What is JS3D
JS3D is a library which allows you to have interactive 3d objects on your website, such as the spinning cube at the top of the page. The 3d effect is created using actual text, try selecting the text on the cube above! This is different from the approach of, for instance, these folks , who have made a better quality renderer, which is much more processor intensive. To see more functionality scroll to the demo section.
It is extremely preliminary, so bug reports or feature suggestions are appreciated (but I don’t guarantee getting around to anything). It has also only been tested in Firefox and Safari. Apparently it may work in IE6+ now thanks to a bug-fix from Alessio Carnevale, however I have no means to test this.
Is this useful?
Maybe not. If you actually want to use 3d on the web you should consider using SVG or the new canvas element in HTML5. An OpenGL-based canvas allowing true hardware accelerated graphics in the browser called WebGL is also in the works and should show up soon.
How do I use JS3D?
Configure your markup
Import the js3d by adding this code into the
Now you’ll need to make an empty
div somewhere on your page (inside the
<body> tags, which will
serve as the canvas to which it will paint your 3d images. Note that at
the moment, this div must be either fixed or absolute positioned.
Also, the its styling code must be in-line (not in an
external stylesheet). An example div could be:
<div id="canvas" style="position:absolute; left:10px; top:10px; width:500px; height:400px; border:thin solid black;"> </div>
Next we need to initialize a renderer, and tell it to render into the div
we just created. First, we’ll make it initialize once the page has loaded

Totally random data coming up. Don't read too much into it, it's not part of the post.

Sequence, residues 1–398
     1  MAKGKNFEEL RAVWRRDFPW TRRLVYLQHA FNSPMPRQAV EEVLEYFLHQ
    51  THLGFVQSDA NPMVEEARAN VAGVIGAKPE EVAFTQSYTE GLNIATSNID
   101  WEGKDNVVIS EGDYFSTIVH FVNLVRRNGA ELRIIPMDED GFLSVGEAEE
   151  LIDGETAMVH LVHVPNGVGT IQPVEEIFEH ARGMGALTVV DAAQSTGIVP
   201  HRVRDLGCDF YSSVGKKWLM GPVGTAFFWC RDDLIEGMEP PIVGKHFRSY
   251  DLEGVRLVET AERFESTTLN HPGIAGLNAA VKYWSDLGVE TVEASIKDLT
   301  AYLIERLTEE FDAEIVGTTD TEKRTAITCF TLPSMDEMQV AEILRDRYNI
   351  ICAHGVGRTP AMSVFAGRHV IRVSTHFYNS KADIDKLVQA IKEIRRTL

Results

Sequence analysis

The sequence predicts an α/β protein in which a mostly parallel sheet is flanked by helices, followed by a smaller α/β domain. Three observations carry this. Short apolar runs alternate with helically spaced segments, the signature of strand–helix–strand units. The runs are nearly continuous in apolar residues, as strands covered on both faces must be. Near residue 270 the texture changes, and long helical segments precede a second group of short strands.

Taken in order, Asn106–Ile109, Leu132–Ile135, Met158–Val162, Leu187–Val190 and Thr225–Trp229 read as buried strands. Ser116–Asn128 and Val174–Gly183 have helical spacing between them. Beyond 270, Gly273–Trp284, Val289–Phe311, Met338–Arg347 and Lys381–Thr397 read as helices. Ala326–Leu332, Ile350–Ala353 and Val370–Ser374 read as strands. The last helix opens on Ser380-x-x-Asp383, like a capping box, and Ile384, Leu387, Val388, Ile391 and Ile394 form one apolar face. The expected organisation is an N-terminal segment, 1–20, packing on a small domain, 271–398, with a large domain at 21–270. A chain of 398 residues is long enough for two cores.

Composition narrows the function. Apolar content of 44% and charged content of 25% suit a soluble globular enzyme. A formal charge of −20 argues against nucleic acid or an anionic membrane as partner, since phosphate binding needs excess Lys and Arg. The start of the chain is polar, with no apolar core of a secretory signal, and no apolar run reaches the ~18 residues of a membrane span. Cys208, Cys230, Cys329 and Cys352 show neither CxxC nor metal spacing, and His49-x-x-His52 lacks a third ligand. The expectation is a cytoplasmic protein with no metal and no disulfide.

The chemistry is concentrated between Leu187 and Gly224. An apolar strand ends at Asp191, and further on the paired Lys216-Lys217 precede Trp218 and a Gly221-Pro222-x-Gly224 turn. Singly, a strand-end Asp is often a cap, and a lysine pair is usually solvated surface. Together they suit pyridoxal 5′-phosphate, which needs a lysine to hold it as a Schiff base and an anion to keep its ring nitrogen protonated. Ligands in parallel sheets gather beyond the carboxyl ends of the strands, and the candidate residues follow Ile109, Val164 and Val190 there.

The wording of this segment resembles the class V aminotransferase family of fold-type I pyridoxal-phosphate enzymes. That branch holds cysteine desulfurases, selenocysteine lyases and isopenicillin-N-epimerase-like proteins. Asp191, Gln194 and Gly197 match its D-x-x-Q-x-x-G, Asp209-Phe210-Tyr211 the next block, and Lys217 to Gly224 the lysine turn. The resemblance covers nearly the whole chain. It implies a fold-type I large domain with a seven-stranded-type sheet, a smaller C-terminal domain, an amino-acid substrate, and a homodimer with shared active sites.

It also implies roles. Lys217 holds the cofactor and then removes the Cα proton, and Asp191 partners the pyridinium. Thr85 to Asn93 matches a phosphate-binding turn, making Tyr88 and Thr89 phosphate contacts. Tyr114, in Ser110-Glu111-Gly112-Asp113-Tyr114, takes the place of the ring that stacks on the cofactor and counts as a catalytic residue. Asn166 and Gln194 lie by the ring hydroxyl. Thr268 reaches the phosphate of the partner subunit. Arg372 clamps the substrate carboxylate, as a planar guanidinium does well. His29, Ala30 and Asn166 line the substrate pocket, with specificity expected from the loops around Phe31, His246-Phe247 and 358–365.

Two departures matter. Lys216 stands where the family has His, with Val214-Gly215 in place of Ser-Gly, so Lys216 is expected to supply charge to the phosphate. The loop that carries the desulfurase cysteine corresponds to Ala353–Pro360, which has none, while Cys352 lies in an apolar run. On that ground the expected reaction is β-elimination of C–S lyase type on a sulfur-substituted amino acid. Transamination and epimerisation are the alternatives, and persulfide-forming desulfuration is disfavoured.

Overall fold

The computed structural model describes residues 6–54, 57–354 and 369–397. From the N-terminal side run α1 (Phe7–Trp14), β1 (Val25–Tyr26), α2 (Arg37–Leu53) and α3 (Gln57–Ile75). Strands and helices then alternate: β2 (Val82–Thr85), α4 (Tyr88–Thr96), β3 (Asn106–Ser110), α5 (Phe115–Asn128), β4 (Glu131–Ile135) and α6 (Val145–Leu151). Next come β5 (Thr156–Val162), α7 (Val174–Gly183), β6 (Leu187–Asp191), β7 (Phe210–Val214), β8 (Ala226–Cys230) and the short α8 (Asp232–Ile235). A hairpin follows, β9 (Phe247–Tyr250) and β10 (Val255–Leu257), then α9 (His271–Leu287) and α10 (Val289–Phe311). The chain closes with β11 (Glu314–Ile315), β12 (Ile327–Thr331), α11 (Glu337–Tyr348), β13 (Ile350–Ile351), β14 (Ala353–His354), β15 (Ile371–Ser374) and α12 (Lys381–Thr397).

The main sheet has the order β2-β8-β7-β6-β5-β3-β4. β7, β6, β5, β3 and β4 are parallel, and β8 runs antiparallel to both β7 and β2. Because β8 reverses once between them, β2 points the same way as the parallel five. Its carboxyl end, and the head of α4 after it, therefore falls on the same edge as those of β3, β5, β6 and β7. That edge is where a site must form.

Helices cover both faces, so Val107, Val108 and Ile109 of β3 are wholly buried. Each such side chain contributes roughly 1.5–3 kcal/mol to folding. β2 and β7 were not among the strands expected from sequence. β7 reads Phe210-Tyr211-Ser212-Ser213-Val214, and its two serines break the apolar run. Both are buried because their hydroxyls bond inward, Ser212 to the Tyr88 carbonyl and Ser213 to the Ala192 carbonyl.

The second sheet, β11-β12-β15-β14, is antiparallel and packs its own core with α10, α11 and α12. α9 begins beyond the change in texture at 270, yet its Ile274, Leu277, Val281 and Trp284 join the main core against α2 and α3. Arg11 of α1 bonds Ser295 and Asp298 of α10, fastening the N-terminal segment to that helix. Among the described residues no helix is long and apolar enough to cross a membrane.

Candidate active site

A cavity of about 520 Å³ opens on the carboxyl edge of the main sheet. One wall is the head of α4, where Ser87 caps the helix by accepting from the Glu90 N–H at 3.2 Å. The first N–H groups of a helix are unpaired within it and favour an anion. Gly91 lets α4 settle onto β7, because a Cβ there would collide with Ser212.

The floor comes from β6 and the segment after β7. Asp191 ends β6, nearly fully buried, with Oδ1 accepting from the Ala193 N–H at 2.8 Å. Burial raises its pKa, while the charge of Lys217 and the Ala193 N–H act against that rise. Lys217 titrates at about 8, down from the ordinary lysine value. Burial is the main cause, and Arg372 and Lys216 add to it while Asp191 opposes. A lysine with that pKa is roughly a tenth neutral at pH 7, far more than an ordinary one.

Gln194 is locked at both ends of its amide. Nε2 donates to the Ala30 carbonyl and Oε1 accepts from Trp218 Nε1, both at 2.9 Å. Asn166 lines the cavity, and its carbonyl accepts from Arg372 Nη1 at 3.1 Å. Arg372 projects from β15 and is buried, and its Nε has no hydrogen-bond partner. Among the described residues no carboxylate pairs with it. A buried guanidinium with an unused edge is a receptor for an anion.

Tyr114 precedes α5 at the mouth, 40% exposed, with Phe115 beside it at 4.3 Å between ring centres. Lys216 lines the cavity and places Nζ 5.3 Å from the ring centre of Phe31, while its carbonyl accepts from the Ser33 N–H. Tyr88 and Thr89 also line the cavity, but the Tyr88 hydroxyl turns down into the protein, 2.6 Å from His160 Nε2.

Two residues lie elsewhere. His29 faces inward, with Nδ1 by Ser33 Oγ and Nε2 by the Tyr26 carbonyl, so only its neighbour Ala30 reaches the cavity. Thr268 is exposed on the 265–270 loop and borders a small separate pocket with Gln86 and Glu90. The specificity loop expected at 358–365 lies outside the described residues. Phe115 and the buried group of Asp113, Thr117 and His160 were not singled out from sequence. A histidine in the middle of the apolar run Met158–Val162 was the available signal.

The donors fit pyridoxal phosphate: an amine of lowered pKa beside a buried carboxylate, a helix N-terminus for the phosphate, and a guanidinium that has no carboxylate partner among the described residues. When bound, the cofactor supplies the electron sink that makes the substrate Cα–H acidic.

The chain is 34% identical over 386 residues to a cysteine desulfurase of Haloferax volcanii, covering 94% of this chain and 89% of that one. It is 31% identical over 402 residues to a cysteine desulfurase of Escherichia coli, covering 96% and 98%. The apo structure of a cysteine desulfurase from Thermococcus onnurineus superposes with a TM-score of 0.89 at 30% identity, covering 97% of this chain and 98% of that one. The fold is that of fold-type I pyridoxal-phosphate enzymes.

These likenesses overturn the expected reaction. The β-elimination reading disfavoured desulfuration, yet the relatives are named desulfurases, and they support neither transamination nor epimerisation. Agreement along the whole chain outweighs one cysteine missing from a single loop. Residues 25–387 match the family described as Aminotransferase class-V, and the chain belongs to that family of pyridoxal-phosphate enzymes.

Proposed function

by adding an
onLoad property to the body tag thus:
Next place the following code in your
head tag. This defines
init() method mentioned earlier does.
Add objects to the scene
The bad news is, at the moment the only built-in objects you can add are points and lines. The good news is, as with the cube above, you can make other shapes with these.
The function to add a point is called
first three parameters are mandatory, they correspond to the coordinates
of the point (in pixels, from the top-left of the canvas by default).
The fourth parameter defines the symbol to use
to represent the point (the symbol character in the cube at the top). I’m
not going to get in to the fifth parameter, but it defines a transformation
matrix to apply to the point. If that doesn’t make sense, ignore it.
To add lines use the function
In this function,
x1, y1, and
z1 are the coordinates for
the start of the line, and
x2, y2, and
z2 are the
coordinates of the end of the line.
num defines how many points
should make up the line. The last two parameters are optional, and have
the same behaviour as for points.
Transform the scene<
The functions for transforming the scene are as follows, note that m can be omitted from all of them.
rotateX(angle,m)Rotate around the x-axis by the given number of radians
rotateY(angle,m)Rotate around the y-axis by the given number of radians
rotateZ(angle,m)Rotate around the z-axis by the given number of radians
translate(dx,dy,dz,m)Translate by the given number of pixels
scale(x,y,z,m)Scale in each direction by the given amount, where 1 is unchanged, 2 would be twice as big, 0.5 would be half as big, and so on.
The syntax to use these functions is as follows
canvas.matrix = canvas.rotateY(0.1);
and similarly with the other functions. Note that the
canvas.matrix part is necessary, as it specifies what we are
Render the scene
Okay, so you’ve added all the objects you want, and rotated the scene
as you see fit. Now how do you get it to show up? Simple, just use the
paint() method. That is:
Well, I’m tired of writing these instructions right now, so for now this
section is still to come. However, if you’re really such an advanced user
just read the code of the examples. These features
allow you to do things such as have individual objects rotated seperately
from the scene. Also, things like animation and colour changing are feasible
- General Example
- Double Helix
- XKCD colour visualization Not by me, but made with an adapted version of my library.
- v0.1a released
- Fix: no longer paints objects outside the bounds of the canvas.
- Added an optional limit for the closest z-index points to draw
- Added the double helix demo.
- Initial release
The end. Back to top?